If these murderers gain access to a water treatment facility, their goal won’t be to steal information about bill payers but rather to ensure that the water goes untreated for as long as possible. This may sound benign, but it’s a disaster of epic proportion. For instance, 8.7 million people depend on just five water treatment plants in London. If terrorists were able to compromise the SCADA systems in just one of them, allowing untreated water to mix with the clean outflow while tricking the monitors into thinking everything was normal, they could infect millions of people with everything from typhoid to hepatitis A to Giardia lamblia. Everyone, including emergency workers, physicians, and nurses would be infected. The hospital system would be overwhelmed with the sick, and we would expect thousands, if not tens of thousands, of the young, old, and already ill to die. This is nothing less than sophisticated biological warfare. Rob Joyce from the National Security Agency says: “SCADA security is something that keeps me up at night.” Very similar sentiments come from Nicholas Weaver at the International Computer Science Institute. He says: “I don’t do SCADA research because I like to sleep at night.”

We’re completely unprepared and this is cause for worry.

Even connected medical devices are potential weapons

Advances in medical technology are giving people longer, fuller lives. For instance, diabetics can now be fitted with a continuous glucose monitor and an insulin pump that adjusts to fluctuations in blood sugar, mimicking the action of a healthy pancreas. Heart patients can now have pacemakers attached to Bluetooth enabled devices that measure and manage their heart rate. Much like the command and control systems for critical infrastructure, these medical devices are like SCADA for the body, connected via the Internet to physicians who monitor, assess, and treat their patients remotely. And in the most advanced medical centres of the next decade, patients’ monitors will be wirelessly connected via a central hub, allowing nurses and physicians real-time access to vital signs and treatment options.

The terrorists of the future are paying attention, and the consequences are almost too frightening to consider. When a doctor can increase the drip rate on an intravenous bag or administer a dose of morphine, so too can a determined hacker. According to Kim Zetter at Wired, a well-known ‘white hat’ hacker and security expert started doubting the security of intravenous pumps during a recent hospital stay. Though the hardware systems allowing access to the pump for updates and the firmware that runs the device are ‘separate’ systems, they are connected by a serial cable. This connection allows a hacker to access the pump’s settings. Rios discovered that not only could a determined hacker change the amount of insulin (or antibiotic, or chemotherapy, or morphine, etc.) that the pump was delivering, but someone with the right skills could also trick the device’s display into reporting the normal dosage. What Billy Rios found was troubling, and comes as no surprise given what we know about other SCADA vulnerabilities and the recent attack on the Ukrainian power plant.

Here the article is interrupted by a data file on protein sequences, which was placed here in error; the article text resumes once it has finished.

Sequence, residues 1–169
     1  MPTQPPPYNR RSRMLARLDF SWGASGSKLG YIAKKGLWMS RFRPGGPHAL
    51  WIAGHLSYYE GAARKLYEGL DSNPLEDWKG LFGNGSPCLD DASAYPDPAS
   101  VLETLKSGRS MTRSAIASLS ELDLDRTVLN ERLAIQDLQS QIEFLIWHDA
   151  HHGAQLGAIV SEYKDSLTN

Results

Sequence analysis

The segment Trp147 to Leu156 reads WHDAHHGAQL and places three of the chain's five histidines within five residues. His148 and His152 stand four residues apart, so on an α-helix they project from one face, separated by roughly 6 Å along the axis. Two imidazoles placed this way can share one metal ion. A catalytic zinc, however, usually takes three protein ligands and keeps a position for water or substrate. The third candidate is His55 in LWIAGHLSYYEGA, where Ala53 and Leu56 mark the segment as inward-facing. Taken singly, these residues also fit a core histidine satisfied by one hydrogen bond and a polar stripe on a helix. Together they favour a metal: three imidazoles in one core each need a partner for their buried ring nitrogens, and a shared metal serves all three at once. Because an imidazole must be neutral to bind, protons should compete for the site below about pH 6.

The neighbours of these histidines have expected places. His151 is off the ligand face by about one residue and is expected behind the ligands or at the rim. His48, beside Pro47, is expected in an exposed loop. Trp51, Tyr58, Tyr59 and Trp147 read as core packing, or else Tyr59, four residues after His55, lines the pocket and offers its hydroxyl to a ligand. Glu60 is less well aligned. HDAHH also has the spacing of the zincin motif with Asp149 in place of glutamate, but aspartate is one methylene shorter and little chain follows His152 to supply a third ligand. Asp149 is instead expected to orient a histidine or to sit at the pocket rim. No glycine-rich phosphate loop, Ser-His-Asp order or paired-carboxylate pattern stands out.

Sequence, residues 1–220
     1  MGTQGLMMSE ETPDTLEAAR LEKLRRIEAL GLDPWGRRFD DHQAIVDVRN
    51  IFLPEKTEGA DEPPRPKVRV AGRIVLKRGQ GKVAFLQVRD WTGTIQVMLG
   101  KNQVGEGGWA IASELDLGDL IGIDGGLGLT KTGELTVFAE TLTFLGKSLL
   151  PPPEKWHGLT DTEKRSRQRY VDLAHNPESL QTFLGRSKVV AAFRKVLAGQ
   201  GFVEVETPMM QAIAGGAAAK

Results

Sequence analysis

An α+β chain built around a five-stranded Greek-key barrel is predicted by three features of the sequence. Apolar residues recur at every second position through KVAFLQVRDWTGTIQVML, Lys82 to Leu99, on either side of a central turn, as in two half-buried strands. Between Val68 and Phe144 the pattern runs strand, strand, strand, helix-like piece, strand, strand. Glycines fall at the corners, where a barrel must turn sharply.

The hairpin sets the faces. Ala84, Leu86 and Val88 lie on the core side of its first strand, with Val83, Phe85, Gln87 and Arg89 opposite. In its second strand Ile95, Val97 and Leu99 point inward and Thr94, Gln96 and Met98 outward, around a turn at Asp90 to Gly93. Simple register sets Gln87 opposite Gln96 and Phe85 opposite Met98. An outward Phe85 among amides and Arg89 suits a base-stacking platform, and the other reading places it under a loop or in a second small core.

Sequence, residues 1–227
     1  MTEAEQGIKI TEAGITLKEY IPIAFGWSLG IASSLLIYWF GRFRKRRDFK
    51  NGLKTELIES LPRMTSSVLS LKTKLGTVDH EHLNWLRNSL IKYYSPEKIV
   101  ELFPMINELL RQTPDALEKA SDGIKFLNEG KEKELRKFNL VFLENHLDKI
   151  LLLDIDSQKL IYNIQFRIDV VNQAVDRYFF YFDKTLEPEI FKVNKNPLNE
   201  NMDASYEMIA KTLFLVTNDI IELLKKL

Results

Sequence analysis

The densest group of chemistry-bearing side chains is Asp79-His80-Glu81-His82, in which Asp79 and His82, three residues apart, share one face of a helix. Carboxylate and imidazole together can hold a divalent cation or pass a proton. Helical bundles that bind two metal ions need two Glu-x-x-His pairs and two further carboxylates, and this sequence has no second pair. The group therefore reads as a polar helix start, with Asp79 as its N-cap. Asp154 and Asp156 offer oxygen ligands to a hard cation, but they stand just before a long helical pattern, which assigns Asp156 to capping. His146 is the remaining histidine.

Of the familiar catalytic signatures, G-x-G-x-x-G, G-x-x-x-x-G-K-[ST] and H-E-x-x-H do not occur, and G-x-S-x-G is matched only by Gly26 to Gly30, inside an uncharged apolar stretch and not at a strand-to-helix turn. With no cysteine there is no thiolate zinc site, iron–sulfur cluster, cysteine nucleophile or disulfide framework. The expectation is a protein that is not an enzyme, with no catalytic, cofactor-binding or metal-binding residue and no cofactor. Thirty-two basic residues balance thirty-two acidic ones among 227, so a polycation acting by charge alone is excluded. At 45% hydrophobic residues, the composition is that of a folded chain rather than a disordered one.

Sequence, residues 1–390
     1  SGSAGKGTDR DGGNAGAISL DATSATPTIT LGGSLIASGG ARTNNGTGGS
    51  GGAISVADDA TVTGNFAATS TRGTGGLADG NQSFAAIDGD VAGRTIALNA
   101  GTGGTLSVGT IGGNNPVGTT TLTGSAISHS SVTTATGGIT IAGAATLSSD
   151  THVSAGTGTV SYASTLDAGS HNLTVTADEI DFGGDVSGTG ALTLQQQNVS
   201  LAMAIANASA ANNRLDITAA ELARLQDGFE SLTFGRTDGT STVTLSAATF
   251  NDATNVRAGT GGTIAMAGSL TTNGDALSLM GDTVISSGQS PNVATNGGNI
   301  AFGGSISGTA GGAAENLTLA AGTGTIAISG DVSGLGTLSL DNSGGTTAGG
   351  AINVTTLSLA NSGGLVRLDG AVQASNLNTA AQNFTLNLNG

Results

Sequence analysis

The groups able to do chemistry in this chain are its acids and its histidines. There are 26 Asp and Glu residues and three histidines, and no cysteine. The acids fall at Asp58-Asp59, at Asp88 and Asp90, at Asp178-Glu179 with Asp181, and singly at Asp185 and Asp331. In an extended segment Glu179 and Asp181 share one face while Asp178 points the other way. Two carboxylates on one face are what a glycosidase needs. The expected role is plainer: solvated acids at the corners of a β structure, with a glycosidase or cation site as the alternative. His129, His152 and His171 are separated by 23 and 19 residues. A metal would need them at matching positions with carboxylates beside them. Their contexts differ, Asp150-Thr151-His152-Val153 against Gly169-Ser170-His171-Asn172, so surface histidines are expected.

As more and more medical devices are connected, the danger grows increasingly acute

The terrorists of the future won’t just seize control of SCADA systems, they’ll also trick the monitors into believing that it hasn’t happened. This will vastly increase the time to discovery and allow terrorists to do more damage than they otherwise might. Kaspersky Lab confirmed the same vulnerabilities in hospitals that Verizon discovered in water treatment facilities: they routinely use unsupported, legacy operating systems like Windows XP. It wouldn’t take much for sophisticated terrorists to gain access to these devices, delivering high doses of radiation, for instance, from X-ray equipment. As more and more medical devices are connected, the danger grows increasingly acute.

The greatest danger we see is that terrorists of the future might launch sophisticated, simultaneous assaults on critical infrastructure. By compromising water treatment, power, and hospitals simultaneously, they could sicken millions, overwhelming the system. By joining this biological attack with broad power outages and hospital hacks, they could kill hundreds of thousands of people.

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This article is written by Richard van Hooijdonk

This article is written by Richard van Hooijdonk

Trendwatcher, futurist and international keynote speaker Richard van Hooijdonk takes you to an inspiring future that will dramatically change the way we live, work and do business.